Book review – Murder on the Orient Express – Agatha Christie [pub. 1934] [Dont worry, I won't be giving away the book's ending in this review] This is a rambling review of the first and only Agatha Christie that I have read, Murder on the Orient Express (1934). And like a train this review may be… Continue reading Book review: Murder on the Orient Express by Agatha Christie
Book review – When the World Screamed by Sir Arthur Conan Doyle (Professor Challenger #4). 1928. Sir Arthur Conan Doyle is famous for his Sherlock Holmes stories, but did you know that he created a series of stories for another eccentric genius, Professor George Edward Challenger? There are five Challenger stories in total, this is… Continue reading Book review: When the World Screamed by Arthur Conan Doyle (1928)
Book review - Things Fall Apart by Chinua Achebe (1958) I have just read a fascinating book, Things Fall Apart* by Chinua Achebe. It was published in 1958, but is set in the 1890s. The book was given to me by a friend: "I think you might enjoy this". As usual on these occasions my… Continue reading Book review: Things Fall Apart by Chinua Achebe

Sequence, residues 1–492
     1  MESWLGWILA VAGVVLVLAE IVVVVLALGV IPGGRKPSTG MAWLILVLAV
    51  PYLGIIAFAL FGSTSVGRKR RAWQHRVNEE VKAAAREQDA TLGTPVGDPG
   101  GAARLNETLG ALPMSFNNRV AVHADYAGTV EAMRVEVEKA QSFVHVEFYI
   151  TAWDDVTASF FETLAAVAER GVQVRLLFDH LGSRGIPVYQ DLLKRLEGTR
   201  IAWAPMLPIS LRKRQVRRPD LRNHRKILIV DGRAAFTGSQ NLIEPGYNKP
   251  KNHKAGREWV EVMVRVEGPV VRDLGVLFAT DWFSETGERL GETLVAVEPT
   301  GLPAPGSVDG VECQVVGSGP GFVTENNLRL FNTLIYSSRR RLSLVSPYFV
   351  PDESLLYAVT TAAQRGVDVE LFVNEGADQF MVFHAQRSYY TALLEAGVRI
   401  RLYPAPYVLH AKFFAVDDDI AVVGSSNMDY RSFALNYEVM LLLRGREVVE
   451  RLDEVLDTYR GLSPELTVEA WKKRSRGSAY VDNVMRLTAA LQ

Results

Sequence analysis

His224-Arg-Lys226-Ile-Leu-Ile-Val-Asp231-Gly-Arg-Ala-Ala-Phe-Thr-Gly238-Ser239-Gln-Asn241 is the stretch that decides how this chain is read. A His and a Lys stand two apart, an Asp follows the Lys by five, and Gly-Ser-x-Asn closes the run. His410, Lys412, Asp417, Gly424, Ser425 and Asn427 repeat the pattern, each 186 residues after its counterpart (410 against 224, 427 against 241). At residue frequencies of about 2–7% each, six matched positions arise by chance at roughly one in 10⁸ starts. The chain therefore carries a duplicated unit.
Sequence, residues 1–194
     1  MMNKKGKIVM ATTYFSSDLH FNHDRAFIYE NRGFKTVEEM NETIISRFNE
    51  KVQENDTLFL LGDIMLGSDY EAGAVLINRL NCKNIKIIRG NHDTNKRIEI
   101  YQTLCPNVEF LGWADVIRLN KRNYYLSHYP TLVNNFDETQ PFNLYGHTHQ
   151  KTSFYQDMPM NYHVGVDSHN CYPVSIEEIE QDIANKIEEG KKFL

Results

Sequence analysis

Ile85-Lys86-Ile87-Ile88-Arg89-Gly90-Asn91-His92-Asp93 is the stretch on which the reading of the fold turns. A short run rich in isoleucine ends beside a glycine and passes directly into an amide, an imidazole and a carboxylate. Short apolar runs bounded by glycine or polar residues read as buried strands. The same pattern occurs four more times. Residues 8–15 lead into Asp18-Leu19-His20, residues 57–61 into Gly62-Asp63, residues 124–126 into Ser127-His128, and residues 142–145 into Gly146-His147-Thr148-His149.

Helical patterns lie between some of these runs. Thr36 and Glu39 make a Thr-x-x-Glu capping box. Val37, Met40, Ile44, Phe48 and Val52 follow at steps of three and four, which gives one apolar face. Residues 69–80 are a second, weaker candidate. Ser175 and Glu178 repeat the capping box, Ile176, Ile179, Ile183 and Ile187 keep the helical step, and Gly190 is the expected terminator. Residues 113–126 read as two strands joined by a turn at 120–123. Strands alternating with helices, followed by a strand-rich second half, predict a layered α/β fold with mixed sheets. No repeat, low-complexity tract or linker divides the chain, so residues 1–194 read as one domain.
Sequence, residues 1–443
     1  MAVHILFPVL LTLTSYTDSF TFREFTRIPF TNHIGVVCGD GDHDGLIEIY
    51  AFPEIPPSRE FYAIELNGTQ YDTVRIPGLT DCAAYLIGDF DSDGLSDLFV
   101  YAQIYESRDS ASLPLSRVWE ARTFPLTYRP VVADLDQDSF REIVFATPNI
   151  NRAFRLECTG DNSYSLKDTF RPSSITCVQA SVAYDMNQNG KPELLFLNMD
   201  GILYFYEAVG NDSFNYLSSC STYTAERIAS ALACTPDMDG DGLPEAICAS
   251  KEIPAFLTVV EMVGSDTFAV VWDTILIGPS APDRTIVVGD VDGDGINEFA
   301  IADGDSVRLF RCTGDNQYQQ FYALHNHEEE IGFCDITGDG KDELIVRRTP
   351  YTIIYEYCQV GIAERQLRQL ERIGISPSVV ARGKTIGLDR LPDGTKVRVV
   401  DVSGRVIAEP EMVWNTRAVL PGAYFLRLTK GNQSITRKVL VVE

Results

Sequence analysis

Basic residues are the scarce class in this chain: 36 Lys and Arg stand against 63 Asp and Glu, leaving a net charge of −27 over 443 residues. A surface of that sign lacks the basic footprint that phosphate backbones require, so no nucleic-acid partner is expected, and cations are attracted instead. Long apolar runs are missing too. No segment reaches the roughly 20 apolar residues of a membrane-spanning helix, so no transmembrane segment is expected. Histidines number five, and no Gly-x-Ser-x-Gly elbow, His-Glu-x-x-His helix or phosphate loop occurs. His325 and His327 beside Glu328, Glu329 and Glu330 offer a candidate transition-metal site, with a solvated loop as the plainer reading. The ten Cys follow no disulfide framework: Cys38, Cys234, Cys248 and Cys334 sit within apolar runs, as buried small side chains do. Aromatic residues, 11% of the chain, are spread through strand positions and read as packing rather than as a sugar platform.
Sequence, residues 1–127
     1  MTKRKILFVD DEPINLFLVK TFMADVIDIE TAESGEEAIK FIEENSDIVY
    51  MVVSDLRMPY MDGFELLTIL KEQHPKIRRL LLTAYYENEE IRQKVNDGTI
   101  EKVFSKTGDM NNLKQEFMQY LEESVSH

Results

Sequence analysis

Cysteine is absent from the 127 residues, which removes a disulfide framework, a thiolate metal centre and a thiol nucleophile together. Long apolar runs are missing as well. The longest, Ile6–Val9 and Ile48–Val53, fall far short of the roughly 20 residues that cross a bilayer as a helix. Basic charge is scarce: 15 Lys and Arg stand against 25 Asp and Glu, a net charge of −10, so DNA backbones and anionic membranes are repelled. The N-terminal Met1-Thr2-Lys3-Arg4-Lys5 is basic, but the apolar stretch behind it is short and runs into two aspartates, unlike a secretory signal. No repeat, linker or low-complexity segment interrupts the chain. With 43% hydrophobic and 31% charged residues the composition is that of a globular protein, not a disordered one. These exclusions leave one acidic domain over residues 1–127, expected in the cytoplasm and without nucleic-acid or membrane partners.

Book review – The Disintegration Machine by Arthur Conan Doyle (Professor Challenger #5). 1929. Regular readers of The Long Victorian blog will have observed that I am an enthusiastic reader of thumping good yarns. Not only does this sort of writing bring happiness to many, they are much harder to write than most suppose. Try… Continue reading Book review: The Disintegration Machine by Arthur Conan Doyle
Book review - The Poison Belt: Being An Account of Another Amazing Adventure of Professor Challenger by Arthur Conan Doyle. Today is the anniversary of the birth of Sir Arthur Conan Doyle (1859 - 1930). So it seems fitting to post a review of one of his stories: The Poison Belt. One of my favourite… Continue reading REVIEW: The Poison Belt, Arthur Conan Doyle (1913)
Stripped of fine motives and pious words we are left with the raw human condition.
Ripping yarn of scary beasts & iconic characters at pleasingly manic pace